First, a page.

PRESQUE ISLE, Maine — Aroostook County holiday shoppers are saying goodbye to the single-day Black Friday frenzy, backing off internet orders and buying local.
Businesses from Houlton to the St. John Valley have reported brisk sales this season, with cold-weather wear, decor and jewelry among the top sellers.
Inflation and hikes in heating fuel and electricity have strapped consumers around the state. But in The County, some retailers say holiday sales are outperforming last year’s and have put them back to pre-pandemic levels.
Not only are people buying more gifts locally, but they are more determined than ever to celebrate, no matter what the cost of living is.
“As far as shopping in stores, I think the pandemic really helped show the value to Maine people that they support their local businesses,” said Curtis Picard, president and CEO of the Retail Association of Maine in Augusta. “I think people have been more conscious of that.”
And there’s another interesting reversal. Millennials — those born in the 1980s and 1990s — generally didn’t like shopping in stores, he said. But Generation Z, which followed, seems to be trending back toward in-store experiences.
The picture reflects the National Retail Federation’s Nov. 3 forecast that while online sales would continue, more shoppers would return to in-person shopping. The federation projected holiday sales would grow from 6 to 8 percent over 2021 despite inflation.
Maine usually follows the national track, Picard said. Retail association members reported a solid back-to-school season, and since Thanksgiving sales are headed upward in what feels like the first normal holiday shopping season since 2019.
“I know a lot of people are not shopping online this year. They’re shopping local, so when they see it, they buy it right off,” said Jamie Forsman, manager of Trader Joe’s Outpost in Presque Isle.
Many of the store’s customers aren’t waiting for big sales or deals, Forsman said. The Black Friday push is spread over the entire season, which has meant a steady stream of shoppers since before Thanksgiving.
All types of outerwear — jackets, hats, gloves and boots —are popular gifts. The store also sells other footwear, clothing and snowshoes and outdoors items.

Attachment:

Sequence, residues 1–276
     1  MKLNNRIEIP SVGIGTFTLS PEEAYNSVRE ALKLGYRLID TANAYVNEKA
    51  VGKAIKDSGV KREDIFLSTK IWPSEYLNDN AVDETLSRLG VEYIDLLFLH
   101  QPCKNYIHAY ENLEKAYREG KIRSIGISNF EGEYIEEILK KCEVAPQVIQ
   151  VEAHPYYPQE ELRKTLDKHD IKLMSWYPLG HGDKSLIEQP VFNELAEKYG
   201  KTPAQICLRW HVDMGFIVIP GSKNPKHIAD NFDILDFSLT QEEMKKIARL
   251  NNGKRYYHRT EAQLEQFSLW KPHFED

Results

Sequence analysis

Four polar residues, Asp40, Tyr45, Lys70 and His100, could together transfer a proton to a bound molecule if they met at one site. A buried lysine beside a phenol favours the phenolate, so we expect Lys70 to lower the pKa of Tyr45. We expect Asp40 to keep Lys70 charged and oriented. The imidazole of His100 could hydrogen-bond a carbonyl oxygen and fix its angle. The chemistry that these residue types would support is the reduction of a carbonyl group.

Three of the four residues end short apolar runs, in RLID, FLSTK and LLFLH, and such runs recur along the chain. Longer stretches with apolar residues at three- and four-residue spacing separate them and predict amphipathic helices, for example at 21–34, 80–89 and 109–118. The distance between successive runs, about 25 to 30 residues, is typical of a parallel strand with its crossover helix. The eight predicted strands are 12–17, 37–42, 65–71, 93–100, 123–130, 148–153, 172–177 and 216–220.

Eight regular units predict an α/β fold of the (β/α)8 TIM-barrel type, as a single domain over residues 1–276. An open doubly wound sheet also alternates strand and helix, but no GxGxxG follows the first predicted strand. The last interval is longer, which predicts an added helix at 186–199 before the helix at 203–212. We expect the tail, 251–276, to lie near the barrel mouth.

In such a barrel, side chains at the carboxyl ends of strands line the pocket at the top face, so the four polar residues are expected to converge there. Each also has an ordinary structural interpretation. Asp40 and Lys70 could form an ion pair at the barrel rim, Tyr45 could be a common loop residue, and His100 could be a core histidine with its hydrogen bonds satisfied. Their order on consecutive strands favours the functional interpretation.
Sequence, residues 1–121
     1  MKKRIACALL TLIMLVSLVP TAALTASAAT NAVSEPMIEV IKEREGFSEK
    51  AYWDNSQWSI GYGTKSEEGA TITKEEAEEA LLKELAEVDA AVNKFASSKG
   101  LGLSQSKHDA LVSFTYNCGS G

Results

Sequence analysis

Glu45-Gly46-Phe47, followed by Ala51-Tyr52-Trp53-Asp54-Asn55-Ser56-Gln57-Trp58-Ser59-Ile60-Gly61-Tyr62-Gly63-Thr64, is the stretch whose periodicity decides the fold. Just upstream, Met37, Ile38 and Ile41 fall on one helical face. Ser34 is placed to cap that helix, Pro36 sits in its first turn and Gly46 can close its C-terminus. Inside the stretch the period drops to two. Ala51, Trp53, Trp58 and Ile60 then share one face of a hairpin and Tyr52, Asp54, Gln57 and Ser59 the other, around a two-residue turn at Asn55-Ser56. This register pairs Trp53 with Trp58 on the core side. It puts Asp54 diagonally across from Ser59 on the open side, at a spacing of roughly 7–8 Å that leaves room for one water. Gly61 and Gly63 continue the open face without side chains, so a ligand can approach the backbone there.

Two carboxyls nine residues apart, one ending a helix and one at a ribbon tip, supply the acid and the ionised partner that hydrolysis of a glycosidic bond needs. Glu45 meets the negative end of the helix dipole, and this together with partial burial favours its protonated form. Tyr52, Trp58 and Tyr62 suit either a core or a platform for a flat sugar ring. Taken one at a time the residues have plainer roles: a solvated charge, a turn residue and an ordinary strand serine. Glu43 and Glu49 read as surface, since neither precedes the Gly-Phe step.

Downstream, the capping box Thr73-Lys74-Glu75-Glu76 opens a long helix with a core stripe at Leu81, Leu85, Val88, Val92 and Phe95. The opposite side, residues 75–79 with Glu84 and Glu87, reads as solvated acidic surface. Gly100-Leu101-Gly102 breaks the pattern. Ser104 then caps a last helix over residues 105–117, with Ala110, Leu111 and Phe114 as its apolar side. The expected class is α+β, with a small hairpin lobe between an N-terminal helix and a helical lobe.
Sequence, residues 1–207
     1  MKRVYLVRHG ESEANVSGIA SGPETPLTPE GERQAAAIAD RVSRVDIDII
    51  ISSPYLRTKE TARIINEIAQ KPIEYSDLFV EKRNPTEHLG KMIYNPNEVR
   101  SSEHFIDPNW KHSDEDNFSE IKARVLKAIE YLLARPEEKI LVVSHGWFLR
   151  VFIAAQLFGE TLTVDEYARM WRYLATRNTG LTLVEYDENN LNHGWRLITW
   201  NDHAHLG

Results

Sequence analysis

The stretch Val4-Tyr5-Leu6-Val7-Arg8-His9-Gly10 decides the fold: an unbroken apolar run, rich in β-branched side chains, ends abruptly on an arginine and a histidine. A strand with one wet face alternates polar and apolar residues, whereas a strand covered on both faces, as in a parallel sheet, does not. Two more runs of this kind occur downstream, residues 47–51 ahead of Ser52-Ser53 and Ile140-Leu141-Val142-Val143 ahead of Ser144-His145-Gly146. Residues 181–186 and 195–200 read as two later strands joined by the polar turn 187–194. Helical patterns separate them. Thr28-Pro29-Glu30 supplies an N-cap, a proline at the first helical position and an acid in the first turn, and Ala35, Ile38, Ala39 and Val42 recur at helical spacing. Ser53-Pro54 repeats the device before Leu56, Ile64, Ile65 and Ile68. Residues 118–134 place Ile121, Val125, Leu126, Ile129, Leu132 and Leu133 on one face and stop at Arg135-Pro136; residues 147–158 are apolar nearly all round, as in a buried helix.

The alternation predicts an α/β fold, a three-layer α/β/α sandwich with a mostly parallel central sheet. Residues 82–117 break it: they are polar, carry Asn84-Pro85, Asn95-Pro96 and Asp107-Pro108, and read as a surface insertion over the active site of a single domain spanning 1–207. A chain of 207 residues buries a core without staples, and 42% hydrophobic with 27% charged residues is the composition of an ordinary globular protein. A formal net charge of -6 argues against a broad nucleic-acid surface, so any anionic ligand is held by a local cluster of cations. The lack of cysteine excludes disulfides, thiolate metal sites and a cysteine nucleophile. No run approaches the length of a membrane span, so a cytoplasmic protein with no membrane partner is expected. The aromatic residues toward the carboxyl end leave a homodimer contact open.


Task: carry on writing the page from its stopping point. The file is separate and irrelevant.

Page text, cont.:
People new to the area contribute greatly to sales because they come unprepared for winter and have been buying a lot of cold-weather clothing, Forsman said.
Jewelry has gained in popularity since the pandemic, according to Sam Corey at Robert’s Jewelry in Madawaska.
The jewelry business experienced some unique growth during COVID-19 restrictions, Corey said. People couldn’t gather to celebrate with loved ones in traditional ways, so many chose jewelry as a way to express their love.
Sales of lab-created diamonds have increased this holiday season.
“For a lot of folks, especially in our area, you get a lot of bang for your buck — big, big sparkle but at a fraction of the cost of the diamonds that are mined traditionally,” Corey said.
More people are spending their money locally, he said. Sales are greater than last year and have been largely unaffected by inflationary pressures.
Shoppers haven’t let higher prices elsewhere affect their holiday spending at all as far as she has seen, said Patty Corriveau, owner of Thistle Stop Design, a florist and antique restoration shop in Caribou.
“Whether it’s gas or groceries, it didn’t stop us from doing Thanksgiving, and it won’t stop us at Christmas,” Corriveau said. “It’s just something that’s so important, to be together with family, especially having gone through the pandemic.”
Corriveau creates arrangements with old barrels and logs filled with pine, fir, juniper, red dogwood and other branches. Whether for inside or outside, those are especially popular with customers right now, she said.
Sales at her shop were brisk even through the pandemic, because people were unable to gather physically and sent flowers and gifts to each other. Now, she is busier than ever, she said.
In Houlton, sales at Country North Gifts are on par with pre-COVID-19 levels, said Country North Gifts staff member Shannon Cibic.
Corkcicles insulated tumblers and coffee mugs, which come in a variety of forms and colors, have been very popular at the store, Cibic said.
“I would say we’re back to normal,” she said. “There have been lots of people out [shopping].”
At Fort Kent’s Bogan Books, business seems a bit ahead of last year, owner Heidi Carter said. Though people are spending less, there are more customers overall, including some new faces.
“People are, I think, a little bit more careful in how they’re spending their money,” she said. “We do sell a lot of gift certificates, but they’re a little bit lower in value this year.”
Books by Maine authors do well throughout the year, but are especially sought during the holiday season. Right now Stephen King’s new book “Fairy Tale” is popular. Customers are also interested in Celeste Ng’s “Our Missing Hearts,” Michele Obama’s “The Light We Carry” and “Friends, Lovers and the Big Terrible Thing” by Matthew Perry.